Because administrative data are regularly and routinely collected, their use in calculating quality measures will lessen both the burden and the cost. Encounter and claims data are examples of administrative data.
Online Resource: For more information on these types of data, go to Consider Using Encounter or Claims Data—Very Carefully at http://www.ahrq.gov/chtoolbx/develop#encounter.
Medical Records. All providers maintain medical records with detailed information on patient conditions and treatments, including important information on preventive and well-care services. In many settings much of that information is found only in medical records, particularly where the information does not pertain to a procedure or service that is individually billable.
In some cases, systems have been established to transfer some medical records information into administrative databases, making it easier to use for quality measurement. In most settings, medical records review is a costly but necessary component of the calculation of selected quality measures.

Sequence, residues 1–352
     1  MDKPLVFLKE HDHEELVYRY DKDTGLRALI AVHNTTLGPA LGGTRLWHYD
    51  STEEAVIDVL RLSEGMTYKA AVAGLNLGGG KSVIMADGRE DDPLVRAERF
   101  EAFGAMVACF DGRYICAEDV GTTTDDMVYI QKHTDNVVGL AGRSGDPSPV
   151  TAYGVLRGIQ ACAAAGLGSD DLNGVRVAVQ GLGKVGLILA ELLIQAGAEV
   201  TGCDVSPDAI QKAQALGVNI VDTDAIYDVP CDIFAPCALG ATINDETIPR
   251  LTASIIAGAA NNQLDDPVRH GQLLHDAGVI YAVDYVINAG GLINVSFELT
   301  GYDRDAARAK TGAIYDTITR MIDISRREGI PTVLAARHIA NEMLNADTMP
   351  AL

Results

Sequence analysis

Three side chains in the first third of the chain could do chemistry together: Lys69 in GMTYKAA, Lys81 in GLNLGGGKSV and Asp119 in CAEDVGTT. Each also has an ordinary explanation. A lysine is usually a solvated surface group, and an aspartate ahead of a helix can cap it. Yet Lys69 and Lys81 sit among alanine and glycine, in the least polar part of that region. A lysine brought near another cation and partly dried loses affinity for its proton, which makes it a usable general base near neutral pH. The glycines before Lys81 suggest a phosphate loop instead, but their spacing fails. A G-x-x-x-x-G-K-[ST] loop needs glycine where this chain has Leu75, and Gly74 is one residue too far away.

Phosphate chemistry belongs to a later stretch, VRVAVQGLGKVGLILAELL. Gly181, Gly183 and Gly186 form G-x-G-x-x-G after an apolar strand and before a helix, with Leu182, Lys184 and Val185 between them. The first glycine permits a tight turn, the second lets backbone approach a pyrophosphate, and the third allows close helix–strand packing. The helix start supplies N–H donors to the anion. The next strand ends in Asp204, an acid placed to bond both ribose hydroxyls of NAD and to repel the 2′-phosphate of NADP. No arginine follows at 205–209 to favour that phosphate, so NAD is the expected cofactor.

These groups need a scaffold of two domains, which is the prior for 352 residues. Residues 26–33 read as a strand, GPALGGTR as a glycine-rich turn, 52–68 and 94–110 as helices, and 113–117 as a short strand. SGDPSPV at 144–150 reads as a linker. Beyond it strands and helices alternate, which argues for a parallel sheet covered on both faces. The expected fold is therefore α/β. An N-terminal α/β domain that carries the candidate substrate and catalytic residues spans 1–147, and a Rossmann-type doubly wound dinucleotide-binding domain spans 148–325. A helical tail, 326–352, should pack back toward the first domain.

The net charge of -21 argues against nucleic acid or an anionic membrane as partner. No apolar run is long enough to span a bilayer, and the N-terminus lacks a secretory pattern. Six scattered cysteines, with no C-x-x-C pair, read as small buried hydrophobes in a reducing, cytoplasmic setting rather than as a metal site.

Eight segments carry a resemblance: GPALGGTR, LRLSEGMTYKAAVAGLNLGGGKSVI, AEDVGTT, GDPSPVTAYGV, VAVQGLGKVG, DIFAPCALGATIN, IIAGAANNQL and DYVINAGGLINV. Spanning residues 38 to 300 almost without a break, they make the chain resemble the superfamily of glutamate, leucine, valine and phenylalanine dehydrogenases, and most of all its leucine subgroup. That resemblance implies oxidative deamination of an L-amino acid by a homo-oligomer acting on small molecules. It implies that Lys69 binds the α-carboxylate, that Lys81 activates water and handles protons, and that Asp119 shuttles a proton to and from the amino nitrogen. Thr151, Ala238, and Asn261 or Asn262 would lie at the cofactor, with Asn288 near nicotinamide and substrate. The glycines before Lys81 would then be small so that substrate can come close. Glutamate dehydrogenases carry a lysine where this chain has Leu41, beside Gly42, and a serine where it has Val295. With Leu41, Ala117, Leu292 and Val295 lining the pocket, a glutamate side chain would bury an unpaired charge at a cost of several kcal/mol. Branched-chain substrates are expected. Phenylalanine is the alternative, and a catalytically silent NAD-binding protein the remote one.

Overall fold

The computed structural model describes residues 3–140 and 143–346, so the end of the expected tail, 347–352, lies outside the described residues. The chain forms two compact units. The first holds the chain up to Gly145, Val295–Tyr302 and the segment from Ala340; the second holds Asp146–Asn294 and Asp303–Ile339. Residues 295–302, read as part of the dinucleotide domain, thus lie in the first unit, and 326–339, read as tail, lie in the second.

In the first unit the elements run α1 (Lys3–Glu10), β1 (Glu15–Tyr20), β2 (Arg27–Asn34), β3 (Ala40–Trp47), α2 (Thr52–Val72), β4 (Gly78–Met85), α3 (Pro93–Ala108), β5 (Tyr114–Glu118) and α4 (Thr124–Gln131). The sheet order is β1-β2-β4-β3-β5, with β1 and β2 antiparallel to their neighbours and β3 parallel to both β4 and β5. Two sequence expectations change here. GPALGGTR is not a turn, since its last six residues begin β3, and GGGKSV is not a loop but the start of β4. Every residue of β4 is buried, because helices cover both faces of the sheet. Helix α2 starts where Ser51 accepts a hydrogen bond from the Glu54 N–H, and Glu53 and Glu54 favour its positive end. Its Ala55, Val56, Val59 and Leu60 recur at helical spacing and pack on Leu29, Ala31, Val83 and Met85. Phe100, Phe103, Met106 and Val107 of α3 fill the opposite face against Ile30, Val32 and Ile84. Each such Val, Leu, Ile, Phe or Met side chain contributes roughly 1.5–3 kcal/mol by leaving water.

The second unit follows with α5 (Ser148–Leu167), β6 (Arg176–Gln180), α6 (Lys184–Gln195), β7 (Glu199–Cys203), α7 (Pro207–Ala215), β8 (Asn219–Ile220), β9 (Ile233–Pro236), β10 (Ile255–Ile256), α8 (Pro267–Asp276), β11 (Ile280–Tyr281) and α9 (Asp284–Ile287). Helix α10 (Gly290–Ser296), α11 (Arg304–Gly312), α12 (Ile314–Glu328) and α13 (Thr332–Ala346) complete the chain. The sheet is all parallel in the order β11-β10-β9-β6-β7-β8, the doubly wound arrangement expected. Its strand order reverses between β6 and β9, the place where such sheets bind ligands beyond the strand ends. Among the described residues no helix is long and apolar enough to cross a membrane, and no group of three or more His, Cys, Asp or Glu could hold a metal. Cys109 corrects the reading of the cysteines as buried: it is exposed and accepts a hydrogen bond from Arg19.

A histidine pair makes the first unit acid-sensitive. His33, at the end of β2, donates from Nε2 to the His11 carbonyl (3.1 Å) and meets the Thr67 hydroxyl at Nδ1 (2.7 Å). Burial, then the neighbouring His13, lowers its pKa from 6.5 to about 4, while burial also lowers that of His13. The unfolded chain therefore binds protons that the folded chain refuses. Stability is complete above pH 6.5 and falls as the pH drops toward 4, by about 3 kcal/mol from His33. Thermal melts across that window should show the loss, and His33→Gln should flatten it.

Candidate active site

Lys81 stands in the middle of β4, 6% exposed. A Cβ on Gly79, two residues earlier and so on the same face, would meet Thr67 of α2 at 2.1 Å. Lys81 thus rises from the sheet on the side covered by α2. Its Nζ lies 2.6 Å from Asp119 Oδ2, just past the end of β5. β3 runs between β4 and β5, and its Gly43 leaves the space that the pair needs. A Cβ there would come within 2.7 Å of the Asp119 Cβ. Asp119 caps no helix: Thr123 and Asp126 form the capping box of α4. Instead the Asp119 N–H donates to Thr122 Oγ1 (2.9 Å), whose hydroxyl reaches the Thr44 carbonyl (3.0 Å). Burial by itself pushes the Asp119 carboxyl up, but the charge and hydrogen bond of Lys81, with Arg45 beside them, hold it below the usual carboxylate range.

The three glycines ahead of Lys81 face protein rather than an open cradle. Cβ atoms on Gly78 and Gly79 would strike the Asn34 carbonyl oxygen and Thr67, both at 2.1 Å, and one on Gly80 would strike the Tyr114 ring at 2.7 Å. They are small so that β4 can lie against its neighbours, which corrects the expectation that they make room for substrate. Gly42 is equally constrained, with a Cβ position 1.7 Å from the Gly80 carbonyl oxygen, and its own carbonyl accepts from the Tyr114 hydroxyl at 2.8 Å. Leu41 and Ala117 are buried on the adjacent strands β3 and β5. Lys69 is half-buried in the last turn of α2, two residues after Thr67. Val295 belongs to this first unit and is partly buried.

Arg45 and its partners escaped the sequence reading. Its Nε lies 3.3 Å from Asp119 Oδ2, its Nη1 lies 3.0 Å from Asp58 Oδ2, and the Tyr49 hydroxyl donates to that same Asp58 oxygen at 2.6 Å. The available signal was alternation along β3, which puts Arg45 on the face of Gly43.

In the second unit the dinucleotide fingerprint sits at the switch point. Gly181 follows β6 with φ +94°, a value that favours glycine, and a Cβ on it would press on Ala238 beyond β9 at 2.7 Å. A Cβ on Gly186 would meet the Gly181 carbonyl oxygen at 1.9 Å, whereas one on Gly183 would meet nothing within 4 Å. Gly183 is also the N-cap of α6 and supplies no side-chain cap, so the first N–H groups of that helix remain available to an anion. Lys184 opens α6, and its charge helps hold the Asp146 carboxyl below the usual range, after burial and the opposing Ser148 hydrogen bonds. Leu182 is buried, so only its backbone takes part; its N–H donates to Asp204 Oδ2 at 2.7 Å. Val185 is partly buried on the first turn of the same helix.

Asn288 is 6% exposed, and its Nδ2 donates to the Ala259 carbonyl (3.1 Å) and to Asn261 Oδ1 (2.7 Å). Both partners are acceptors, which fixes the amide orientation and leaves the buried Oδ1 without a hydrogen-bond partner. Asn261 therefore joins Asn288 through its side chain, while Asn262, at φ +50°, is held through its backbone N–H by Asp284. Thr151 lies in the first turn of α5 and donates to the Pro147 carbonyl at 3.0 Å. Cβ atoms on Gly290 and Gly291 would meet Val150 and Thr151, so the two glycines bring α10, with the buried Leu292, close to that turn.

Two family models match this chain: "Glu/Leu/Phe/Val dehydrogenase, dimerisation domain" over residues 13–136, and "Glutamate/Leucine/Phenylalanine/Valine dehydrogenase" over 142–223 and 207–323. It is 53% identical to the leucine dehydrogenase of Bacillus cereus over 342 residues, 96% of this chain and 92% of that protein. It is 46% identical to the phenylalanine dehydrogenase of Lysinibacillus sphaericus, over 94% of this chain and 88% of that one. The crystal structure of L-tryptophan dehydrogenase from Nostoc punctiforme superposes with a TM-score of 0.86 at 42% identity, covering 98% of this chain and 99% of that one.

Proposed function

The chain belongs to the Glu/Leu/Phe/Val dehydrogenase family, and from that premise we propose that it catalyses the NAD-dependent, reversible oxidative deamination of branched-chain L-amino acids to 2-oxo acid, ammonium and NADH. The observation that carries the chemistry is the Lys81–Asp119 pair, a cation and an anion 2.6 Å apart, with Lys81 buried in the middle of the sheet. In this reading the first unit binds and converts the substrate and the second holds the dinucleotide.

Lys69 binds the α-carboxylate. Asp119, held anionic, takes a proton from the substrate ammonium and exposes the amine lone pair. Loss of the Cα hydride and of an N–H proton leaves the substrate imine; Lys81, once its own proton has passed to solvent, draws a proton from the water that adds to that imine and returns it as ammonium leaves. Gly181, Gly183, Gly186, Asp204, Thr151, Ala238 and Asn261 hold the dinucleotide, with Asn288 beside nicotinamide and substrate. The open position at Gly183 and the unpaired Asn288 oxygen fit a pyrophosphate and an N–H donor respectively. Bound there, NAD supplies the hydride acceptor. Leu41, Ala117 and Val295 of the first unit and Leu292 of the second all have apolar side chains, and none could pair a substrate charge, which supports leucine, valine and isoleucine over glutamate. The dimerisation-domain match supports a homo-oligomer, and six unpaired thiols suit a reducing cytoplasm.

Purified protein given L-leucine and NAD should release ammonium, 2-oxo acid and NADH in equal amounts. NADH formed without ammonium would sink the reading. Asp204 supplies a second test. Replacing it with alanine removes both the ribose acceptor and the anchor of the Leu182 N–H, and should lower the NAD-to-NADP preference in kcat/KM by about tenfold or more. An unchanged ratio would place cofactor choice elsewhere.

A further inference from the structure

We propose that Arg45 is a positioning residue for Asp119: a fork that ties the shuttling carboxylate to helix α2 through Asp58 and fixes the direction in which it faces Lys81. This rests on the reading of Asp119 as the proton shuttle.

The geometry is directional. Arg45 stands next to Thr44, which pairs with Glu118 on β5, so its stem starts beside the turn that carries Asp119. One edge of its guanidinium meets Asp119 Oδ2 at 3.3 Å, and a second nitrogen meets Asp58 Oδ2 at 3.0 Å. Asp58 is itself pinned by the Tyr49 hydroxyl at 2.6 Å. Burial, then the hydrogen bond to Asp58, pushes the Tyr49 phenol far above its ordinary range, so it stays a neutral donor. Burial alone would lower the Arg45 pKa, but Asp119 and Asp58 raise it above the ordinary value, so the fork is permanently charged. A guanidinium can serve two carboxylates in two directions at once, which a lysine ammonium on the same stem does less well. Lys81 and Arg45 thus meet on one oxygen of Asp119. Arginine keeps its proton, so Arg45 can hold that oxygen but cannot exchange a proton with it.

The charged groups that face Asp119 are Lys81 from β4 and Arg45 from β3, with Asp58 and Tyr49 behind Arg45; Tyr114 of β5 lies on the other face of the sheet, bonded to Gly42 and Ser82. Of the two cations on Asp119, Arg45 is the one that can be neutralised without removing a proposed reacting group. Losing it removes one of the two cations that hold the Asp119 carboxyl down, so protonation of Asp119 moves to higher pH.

Survey Data. Survey data are as good as the procedures used to:
- Develop the survey instrument.
- Draw the sample.
- Administer the survey.
Study the protocols developed for such public domain survey instruments as Consumer Assessment of Health Plans CAHPS®, Experience of Care and Health Outcomes Survey (ECHO™), Promoting Healthy Development Survey (PHDS), and the Young Adult Health Care Survey (YAHCS) for models in these areas.
For more information on CAHPS®, go to: http://www.ahrq.gov/chtoolbx/measure2.htm
For more information on ECHO™, go to: http://www.ahrq.gov/chtoolbx/measure9.htm
For more information on PHDS, go to: http://www.ahrq.gov/chtoolbx/measure6.htm
For more information on YAHCS, go to: http://www.ahrq.gov/chtoolbx/measure7.htm
Consider Using Encounter or Claims Data—Very Carefully